Detail View: SHIMMER: Lyceum Theatre

Title: 
Lyceum Theatre
Creation Date: 
1897
Image Date: 
2009
Period: 
19th century ; 20th century
Location: 
Sheffield, South Yorkshire
Country: 
ENGLAND, UK
Display Creator: 
SPRAGUE, W.G.R. ; DISLEY, Sue
Image ID: 
10-1791
Description: 
Exterior detail: main entrance to the theatre. Mosaics in paving in front of the entrance. Location: Tudor Square. [Photographed in 2009 before the reovation of the Square and relocation of the mosaics. Tudor Square: Comment written on the creation of the original Square as an artwork in 1991: "Tudor Square is a recent invention. It had been an unfocused open space, oddly left between buildings of civic pride and purpose. The space had long been used as a car park. Creation of a square was undertaken when the city took stock of its image prior to the World Student Games in 1991. It was conceived as an arts square. This focus was sensible as the space opened up on all sides to buildings where performances, exhibitions, entertainment took place. The restoration of the Lyceum Theatre was already under consideration. Tudor Square is not a square in the sense of it being an open space of that shape. It is actually a grassed oval which, on a sloping site, creates a flat stage for performances, for displays, for strolling round. The oval is bound by a low stone wall upon which a very intricately placed sequence of marks are carved. Paul Mason, Lead Artist for the project, has said that what was "fundamental to all the practices (in the area) was communication" and that "mark making was fundamental to communication". This became the aesthetic for the square. Marks by which man communicates are found not only on the wall, but form the basis of the design for the tree grilles and railings also in the square. Into the pavement Sue Mason has also set a number of fluid marks. These mosaics were to help orientation in the square. Text taken from 'Going Public' by Dr Elizabeth Norman, 1995. The mosaics are composed of marble tesserae set into metal frames which are laid into the paving of the square. They vary in size and shape. The marks are unreadable, treated more like brush strokes which suggest movement and direction. In their original configurations the marks indicated areas of focus to give a sense of the site to the pedestrian. X-shaped marks indicated the Ruskin Gallery, the Crucible and the Lyceum Theatres. A collection of lines in front of the Lyceum were placed to indicate a potential performance area. This original meaning has been lost. Commission: Sheffield City Council, funded by the J.G. Graves Charitable Trust. Most of the original artworks and landscape design of the 1991 Tudor Square development were removed when the space was re-designed (2009-2010). The only artworks retained were these paving mosaics by Sue Mason (now Sue DISLEY), which were were re-sited close together near the door to the Crucible Studio, and the Boulsover Monument by Richard PERRY. The Lyceum (Architect: W.G.R. SPRAGUE, 1897) was renovated 1988-1990 by RENTON HOWARD WOOD LEVIN (RHWL ARCHITECTS).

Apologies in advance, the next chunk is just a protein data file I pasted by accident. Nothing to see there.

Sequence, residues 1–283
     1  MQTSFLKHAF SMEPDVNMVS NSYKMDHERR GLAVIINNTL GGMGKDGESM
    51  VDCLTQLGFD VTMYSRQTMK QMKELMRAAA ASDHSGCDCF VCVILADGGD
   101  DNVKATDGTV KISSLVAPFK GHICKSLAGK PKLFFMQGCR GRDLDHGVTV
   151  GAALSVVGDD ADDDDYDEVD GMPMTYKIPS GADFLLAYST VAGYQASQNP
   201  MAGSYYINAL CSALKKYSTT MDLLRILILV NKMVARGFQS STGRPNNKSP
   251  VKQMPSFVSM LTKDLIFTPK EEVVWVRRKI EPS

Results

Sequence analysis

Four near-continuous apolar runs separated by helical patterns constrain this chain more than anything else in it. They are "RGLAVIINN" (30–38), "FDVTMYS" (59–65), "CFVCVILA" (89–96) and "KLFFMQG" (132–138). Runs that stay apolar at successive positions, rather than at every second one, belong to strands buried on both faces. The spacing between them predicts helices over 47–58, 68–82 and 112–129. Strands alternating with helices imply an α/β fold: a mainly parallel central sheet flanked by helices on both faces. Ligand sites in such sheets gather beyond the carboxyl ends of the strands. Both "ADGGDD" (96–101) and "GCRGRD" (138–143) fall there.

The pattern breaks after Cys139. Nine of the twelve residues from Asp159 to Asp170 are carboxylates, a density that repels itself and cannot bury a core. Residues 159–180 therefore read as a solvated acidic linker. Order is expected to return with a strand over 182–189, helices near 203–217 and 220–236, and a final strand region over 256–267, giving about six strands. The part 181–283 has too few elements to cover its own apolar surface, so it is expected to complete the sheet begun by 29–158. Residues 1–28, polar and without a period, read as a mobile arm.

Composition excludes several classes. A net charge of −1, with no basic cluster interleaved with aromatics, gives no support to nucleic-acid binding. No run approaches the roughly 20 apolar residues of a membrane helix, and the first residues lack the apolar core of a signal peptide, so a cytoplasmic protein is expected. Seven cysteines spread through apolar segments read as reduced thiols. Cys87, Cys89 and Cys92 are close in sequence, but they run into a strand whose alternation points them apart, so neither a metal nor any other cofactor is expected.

Rights: 
© Sheffield Hallam University
Permissions: 
For educational use only. This image may be used in print or digital materials provided that full acknowledgment is given, expressed as follows: " © < insert details from the 'Rights' field >. Photographed by < insert details from the 'Photographed by' field >."
Photographed by: 
Amparo Cozar
Creator: 
RENTON HOWARD WOOD LEVIN (RHWL ARCHITECTS)
Creator Role: 
Architectural firm.
Nationality: 
British.
Creator: 
SPRAGUE, W.G.R.
Creator Dates - Born: 
1863
Creator Dates - Died: 
1933
Creator Role: 
Architect.
Culture Gender: 
Male.
Nationality: 
British. Born in Australia.
Creator: 
DISLEY, Sue
Creator Role: 
Artist.
Culture Gender: 
Female.
Nationality: 
British.
Subject Heading: 
Architecture -- England -- Sheffield
Subject Heading: 
Urban renewal -- England -- Sheffield
Subject Heading: 
City squares -- England -- Sheffield
Subject Heading: 
Theatres -- England -- Sheffield
Subject Heading: 
Architecture -- 1800-1900
Subject Heading: 
Mosaics